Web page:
Where is that.

Why do you have to hold them like that and hold their wings in?

To keep them warm?

No, they flap.

What is wrong with flapping?

Because they could flap or hurt you or they might hurt themselves.

Do They ever peck you?

Well no,

They only peck you when you have nothing in your hand.

No  they peck you when you got food in your hands…because she was going to peck me right now and I had a worm in it.

They think that there is  one piece of food left and so they peck it.

Do they get sick?

Ah there are some illnesses, they can get lice and the best thing is just to keep an eye on them if you ever get in contact with them and try and keep their hygiene, clean them out because you see them every day if you notice that they are poorly You know just that they are not  layin eggs, or, and just not getting up in the morning, Then I think that I would  get in contact with a vet.

Have Your Chickens Had any Problems?

We did have actually, with Briony  she molted, and I’m alarmed because I came down and they were quite alot of feathers missing … there were  feathers everywhere.  She started laying really soft eggs that just sort of dissolved and then she ate them.  I read about it and found out that is just a normal thing that happens to chickens once a year they molt, they lose their feathers and get new ones and during that period which can take up to six weeks they don’t lay eggs, or they lay very soft eggs.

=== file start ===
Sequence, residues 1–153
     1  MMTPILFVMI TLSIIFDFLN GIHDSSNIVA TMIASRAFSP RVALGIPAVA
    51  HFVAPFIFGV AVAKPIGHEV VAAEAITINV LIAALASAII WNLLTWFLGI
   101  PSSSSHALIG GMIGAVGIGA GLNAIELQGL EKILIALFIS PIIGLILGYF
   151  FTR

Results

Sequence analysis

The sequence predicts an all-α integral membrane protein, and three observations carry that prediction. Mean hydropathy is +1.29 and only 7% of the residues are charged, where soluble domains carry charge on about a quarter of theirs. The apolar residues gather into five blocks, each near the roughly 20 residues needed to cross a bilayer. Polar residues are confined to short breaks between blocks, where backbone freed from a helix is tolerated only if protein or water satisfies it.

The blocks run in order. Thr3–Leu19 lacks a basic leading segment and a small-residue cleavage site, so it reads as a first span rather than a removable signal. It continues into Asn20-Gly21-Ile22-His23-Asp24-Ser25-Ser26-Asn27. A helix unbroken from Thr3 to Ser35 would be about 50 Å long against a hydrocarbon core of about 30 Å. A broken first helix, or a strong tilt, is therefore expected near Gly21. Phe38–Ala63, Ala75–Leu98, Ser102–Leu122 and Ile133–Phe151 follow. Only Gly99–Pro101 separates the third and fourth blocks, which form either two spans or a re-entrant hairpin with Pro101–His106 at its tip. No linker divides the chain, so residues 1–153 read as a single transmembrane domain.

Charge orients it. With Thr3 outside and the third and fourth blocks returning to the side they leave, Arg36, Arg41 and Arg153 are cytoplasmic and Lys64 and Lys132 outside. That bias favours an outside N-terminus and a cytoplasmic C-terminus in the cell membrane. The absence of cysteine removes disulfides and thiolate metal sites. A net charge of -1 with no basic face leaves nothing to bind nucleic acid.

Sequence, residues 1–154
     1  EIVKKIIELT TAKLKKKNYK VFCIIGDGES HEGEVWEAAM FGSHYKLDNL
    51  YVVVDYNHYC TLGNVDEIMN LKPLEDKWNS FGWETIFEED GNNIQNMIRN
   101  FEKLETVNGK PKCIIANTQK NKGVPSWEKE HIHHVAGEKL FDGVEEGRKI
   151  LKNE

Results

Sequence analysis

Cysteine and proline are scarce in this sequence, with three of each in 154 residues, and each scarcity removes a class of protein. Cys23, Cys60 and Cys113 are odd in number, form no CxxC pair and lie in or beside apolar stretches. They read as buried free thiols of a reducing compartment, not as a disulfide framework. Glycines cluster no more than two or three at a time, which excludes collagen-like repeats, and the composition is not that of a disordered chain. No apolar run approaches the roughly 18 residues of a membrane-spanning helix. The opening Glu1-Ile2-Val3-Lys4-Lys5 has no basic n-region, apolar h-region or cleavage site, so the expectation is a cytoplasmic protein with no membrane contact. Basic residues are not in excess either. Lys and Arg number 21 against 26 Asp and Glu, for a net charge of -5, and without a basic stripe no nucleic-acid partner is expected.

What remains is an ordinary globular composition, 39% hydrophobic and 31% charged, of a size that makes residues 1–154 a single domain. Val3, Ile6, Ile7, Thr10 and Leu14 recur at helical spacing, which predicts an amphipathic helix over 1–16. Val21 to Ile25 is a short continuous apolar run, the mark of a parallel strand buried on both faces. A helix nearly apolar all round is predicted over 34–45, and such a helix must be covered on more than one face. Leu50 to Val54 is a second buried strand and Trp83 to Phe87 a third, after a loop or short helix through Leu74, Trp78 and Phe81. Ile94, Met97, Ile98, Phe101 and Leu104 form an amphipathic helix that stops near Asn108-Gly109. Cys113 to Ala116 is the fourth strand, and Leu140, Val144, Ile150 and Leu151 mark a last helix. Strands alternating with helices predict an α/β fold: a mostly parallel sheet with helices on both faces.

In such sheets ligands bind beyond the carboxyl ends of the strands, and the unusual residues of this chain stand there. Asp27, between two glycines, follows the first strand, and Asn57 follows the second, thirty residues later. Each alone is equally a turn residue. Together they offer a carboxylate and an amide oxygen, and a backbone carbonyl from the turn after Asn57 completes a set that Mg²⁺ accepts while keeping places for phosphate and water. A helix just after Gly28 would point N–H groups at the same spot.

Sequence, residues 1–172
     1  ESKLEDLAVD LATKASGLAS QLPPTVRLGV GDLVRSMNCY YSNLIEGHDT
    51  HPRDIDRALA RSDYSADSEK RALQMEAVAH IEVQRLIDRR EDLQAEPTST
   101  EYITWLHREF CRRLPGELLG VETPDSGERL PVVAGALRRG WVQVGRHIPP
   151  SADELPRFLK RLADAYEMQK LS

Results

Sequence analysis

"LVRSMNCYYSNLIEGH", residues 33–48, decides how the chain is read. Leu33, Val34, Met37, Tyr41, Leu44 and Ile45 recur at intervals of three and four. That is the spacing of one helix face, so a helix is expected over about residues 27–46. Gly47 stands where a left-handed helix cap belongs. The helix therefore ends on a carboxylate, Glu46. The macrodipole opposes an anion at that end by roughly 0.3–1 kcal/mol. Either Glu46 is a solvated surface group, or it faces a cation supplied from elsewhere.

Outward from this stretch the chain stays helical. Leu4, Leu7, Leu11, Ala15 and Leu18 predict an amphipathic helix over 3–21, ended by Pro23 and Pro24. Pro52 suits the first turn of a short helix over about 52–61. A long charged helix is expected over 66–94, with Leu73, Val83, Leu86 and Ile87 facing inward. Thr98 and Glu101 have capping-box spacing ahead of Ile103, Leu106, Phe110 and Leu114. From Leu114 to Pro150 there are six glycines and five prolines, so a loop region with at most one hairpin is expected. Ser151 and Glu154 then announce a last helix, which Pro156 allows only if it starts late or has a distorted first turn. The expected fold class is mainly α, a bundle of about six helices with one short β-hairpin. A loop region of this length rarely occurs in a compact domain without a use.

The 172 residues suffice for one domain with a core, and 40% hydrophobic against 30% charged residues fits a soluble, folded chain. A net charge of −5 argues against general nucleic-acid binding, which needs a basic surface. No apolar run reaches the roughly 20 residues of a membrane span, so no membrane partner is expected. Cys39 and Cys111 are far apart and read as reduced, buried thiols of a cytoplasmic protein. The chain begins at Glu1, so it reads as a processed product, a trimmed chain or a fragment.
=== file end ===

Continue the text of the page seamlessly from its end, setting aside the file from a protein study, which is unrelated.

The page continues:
Any Other Problems?

They lay very soft eggs and the other thing is we weren’t giving them enough shells, when we first got the chickens we weren’t giving them enough shells and they’ve started to lay softer eggs, and they’ve started to actually eat their eggs.  And again, I was quite alarmed, but when I read about this it it was this habit that they form… they’ll always eat their eggs.  We gave them some shells, and they started laying hard eggs again and we have not had a problem with it.

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23 Simple Ways to Better Your Chicken Coop & Run (Free Infographic)

Here, you go!

Within the chicken keeping world there are loads of people who are looking for information about chicken coops and chicken runs.

It is not really that surprising that this topic creates so much interest considering how fundamental a good design and build of the coop and the run are to health and safety of our flocks.

I have created a list of 23 “elements” that you need to have  in your coop and run in order to get close to perfection!